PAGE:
Published: Sunday 19 January 2014
For some, the postal service has become an ideological punching bag, proof that “government programs” don’t work and that the state inevitably bureaucratizes services better left to the private sector. In the case of the postal service, this narrative lacks a critical element: fidelity to truth.
As an independent agency under the umbrella of the federal government, the United States Postal Service receives little-to-no government funding; it pays for itself through sales of its stamps and services, and is only in financial trouble because of a vindictive, unfair law that forces it to fund its pensions seventy-five years into the future. As Jim Hightower points out, the postal service hasn’t taken a penny from taxpayers since 1971.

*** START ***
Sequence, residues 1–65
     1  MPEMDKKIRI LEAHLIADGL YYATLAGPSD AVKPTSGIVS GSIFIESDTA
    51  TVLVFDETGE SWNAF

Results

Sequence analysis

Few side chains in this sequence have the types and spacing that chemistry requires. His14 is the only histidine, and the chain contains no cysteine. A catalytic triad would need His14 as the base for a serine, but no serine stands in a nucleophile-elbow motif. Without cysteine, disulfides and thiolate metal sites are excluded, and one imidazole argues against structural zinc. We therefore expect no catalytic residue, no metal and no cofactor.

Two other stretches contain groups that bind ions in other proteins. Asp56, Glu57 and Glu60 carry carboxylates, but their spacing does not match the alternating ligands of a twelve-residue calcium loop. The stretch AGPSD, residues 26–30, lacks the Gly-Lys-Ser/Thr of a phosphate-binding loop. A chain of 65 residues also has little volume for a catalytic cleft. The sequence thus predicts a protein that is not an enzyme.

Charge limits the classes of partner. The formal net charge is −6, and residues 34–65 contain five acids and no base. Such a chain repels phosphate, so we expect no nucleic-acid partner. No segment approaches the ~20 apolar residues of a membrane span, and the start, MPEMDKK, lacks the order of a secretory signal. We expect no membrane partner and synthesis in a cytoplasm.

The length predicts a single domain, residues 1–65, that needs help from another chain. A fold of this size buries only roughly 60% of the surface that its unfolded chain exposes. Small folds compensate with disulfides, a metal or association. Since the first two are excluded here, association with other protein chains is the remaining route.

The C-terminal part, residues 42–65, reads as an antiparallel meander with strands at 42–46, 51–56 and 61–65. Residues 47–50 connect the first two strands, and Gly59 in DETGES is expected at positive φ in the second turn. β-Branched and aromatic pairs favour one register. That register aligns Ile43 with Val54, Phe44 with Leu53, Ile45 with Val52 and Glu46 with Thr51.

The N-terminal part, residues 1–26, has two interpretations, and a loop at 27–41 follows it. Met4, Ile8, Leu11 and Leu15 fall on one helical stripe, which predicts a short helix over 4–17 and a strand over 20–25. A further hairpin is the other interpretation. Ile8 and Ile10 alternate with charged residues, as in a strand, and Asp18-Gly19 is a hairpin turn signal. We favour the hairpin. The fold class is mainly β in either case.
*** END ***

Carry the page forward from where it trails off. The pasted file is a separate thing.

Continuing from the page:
Whatever the reasons for the public's conception of the postal service as an institution weighted down by socialistic bureaucracy, current events suggest otherwise. Over the 2013 holiday season, it was a private carrier, United Parcel Service, which collapsed under the weight of demand and inefficiency. When it happened, UPS’s spokespersons and the usual gang of bourgeois media shifted into high gear in defense of the corporatist paradigm. At least one retail spokesperson said consumers shared the blame; other fluffy critics pinned the debacle on consumerism itself.
But compared to private carrier UPS, the U.S. Postal Service, READ MORE